50,000 notes possibly a fixture of the black market

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50,000 notes possibly a fixture of the black market

Only half of the 50,000-won ($45) notes issued by the Bank of Korea (BOK) are being returned to the central bank, adding to suspicion that they may be entering the underground economy or used in unfair dealings.

According to the BOK on Friday, a total of 11.2 trillion won worth of 50,000-won bills were issued in the first half of this year, but only 5.68 trillion won were returned.

That made the proportion of redeemed 50,000-won bills 50.7 percent between January and June, the lowest return ratio of all other paper currencies.

Lower-valued notes such as the 1,000-won, 5,000-won and 10,000-won notes have far higher rates.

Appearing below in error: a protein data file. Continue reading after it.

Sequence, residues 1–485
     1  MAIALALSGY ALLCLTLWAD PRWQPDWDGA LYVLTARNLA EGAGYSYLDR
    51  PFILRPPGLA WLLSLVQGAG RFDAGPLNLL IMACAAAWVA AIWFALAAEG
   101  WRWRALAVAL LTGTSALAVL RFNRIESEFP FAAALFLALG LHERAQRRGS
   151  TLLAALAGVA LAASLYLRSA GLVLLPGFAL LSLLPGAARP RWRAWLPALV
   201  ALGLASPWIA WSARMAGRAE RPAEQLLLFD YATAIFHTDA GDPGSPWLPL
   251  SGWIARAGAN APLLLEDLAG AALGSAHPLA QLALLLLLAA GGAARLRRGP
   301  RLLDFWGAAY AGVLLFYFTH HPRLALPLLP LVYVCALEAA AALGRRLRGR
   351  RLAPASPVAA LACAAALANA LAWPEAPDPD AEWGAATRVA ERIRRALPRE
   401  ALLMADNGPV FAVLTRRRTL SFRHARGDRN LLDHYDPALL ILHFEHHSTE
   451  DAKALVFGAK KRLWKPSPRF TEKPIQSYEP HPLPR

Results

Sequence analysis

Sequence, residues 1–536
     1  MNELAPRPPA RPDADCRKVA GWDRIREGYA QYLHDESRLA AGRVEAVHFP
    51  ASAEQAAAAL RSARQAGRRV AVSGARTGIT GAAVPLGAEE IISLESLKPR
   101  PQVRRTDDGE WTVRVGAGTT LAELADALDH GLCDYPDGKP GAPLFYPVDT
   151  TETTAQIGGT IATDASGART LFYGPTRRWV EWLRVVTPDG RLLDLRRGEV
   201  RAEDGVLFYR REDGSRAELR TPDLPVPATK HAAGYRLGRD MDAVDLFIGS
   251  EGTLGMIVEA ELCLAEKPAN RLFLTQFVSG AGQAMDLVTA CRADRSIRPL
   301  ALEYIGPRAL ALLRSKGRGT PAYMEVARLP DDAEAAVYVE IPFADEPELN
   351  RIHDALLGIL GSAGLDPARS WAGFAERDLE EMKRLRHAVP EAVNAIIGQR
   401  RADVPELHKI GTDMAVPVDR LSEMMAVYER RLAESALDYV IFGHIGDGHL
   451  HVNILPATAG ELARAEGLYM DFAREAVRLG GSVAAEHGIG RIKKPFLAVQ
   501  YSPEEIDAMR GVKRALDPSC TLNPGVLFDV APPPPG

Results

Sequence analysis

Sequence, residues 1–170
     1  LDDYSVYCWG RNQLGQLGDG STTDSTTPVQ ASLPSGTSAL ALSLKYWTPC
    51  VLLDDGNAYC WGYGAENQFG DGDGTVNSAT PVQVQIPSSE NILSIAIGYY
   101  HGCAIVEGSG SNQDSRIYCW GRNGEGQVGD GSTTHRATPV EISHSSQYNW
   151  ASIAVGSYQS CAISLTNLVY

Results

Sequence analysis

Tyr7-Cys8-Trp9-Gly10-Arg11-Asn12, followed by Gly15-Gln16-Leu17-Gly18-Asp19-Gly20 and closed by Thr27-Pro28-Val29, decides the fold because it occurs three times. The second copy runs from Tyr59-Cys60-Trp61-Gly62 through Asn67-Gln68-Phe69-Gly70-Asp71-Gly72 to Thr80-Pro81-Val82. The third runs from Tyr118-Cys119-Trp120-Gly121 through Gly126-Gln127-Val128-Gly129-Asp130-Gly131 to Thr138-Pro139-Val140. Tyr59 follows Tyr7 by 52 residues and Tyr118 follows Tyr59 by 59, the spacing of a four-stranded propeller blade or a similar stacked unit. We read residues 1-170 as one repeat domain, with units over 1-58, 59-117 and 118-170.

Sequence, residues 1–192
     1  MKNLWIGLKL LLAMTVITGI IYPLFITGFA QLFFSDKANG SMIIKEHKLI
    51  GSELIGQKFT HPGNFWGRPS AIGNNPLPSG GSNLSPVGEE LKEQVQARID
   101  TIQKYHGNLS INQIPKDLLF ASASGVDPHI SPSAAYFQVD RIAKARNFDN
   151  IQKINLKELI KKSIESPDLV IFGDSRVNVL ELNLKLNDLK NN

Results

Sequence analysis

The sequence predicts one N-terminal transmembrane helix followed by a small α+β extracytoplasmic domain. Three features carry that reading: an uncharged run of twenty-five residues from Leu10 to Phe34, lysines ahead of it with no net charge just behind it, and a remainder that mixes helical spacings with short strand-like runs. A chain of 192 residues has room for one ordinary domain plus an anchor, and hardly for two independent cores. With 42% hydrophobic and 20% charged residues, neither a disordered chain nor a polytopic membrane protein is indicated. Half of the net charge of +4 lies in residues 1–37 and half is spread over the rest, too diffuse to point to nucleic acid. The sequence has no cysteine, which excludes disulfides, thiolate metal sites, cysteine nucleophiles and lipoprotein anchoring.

In the first half of this year, the rate for 10,000-won notes stood at 111.2 percent while the rate for 5,000-won notes was 93.5 percent while the 1,000 won note was 94.7 percent.

When the 50,000-won banknotes, Korea’s highest denomination, were introduced seven years ago, some raised concerns that the note’s high nominal value could make it easier to be used in the so-called underground economy or black market, which refers to the exchange of goods and services in an illicit manner.

The term includes prostitution and slush funds.

Still, the collection rate by the BOK has gradually increased over the years.

The central bank saw a record low rate of 25.8 percent in 2014, then it restored 40.1 percent last year.

After being launched in 2009, the 50,000-won note has become widely used, according to the BOK.

The central bank also said that the 50,000-won note accounts for 76 percent of all money circulated in the country’s markets.

BY PARK EUN-JEE [park.eunjee@joongang.co.kr]
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